Hilda Doolittle's Sea Rose

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Hilda Doolittle, also known as H.D., was on the forefront of the imagist movement of poetry during her lifetime. Like many of the most legendary painters, much of H.D.'s work was not well-recognized or acclaimed until after her death (“H.D.”). Her work is defined by “the intense strength of her images, economy of language, and use of classical mythology” (“H.D.”). Although lacking in classical mythology, “Sea Rose” is rife with the first two characteristics, making it an exemplary poem of not only H.D.'s work but of the imagist movement overall. The title “Sea Rose” presents the first contrast in the poem. Roses are grown on land; pairing the word with “sea” creates the idea of land versus water. This could mean that the rose is by the sea, but it could also hint that there is more to the poem than its literal meaning (there is no such thing as a “sea rose” itself). With the knowledge that H.D. is…show more content…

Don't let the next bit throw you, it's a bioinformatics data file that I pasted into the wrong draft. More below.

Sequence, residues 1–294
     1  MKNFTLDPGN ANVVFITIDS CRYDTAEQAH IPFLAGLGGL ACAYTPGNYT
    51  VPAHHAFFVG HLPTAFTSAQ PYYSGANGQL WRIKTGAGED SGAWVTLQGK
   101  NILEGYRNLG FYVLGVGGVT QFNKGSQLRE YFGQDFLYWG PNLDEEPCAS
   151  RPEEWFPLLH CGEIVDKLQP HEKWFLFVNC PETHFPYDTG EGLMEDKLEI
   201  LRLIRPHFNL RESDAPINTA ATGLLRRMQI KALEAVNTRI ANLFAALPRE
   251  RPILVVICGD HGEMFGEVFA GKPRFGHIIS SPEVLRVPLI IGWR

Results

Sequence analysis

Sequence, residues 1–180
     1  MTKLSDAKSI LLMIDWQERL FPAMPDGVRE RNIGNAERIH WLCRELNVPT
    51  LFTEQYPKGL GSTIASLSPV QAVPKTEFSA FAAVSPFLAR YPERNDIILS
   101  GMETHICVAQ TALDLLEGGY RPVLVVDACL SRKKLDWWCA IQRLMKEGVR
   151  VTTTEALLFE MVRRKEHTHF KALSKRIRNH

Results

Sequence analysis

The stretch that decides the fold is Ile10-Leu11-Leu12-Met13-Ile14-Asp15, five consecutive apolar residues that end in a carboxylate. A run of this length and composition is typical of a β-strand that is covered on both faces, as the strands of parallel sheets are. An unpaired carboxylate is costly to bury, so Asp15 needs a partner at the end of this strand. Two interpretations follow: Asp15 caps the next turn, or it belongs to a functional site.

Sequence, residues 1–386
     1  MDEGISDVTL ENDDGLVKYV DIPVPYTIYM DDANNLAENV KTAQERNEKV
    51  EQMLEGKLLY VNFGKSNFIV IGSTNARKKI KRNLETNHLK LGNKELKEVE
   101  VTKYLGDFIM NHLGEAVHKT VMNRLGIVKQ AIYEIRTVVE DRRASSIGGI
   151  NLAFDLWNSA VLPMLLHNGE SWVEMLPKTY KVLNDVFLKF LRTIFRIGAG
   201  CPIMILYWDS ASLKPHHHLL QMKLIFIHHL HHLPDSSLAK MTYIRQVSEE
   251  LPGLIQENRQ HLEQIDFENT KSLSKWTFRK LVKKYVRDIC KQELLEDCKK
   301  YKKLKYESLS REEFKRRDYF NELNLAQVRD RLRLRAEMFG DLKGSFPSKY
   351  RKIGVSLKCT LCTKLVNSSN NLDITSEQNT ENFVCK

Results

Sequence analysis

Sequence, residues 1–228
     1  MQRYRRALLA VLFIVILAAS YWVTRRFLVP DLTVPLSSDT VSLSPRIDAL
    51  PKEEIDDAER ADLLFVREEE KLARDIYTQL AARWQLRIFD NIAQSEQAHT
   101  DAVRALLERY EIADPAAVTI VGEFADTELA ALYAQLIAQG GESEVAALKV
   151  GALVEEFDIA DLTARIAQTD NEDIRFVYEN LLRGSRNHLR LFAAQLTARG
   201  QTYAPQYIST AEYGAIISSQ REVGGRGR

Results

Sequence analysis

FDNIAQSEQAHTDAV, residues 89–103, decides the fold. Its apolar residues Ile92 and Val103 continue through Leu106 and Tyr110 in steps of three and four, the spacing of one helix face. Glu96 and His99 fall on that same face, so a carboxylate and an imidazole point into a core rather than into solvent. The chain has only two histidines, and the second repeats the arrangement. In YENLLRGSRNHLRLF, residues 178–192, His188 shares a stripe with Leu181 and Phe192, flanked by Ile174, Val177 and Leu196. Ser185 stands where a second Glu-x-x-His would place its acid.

A second shift is made in the second half of this stanza, “single on a stem–/you are caught in the drift.” No longer is this a description from a third-person perspective, but a piece addressing someone, something (presumably the rose itself). Apart from the shift in perspective, the last two lines of the second stanza possess other aspects interesting to examine. First, “single” connotes that the rose is alone in its characteristics and journey. “Drift” in the next line can be defined as “a large pile of snow or sand that has been blown by the wind” (“Drift”) which is a good definition to have for this word as the next stanza solidifies this

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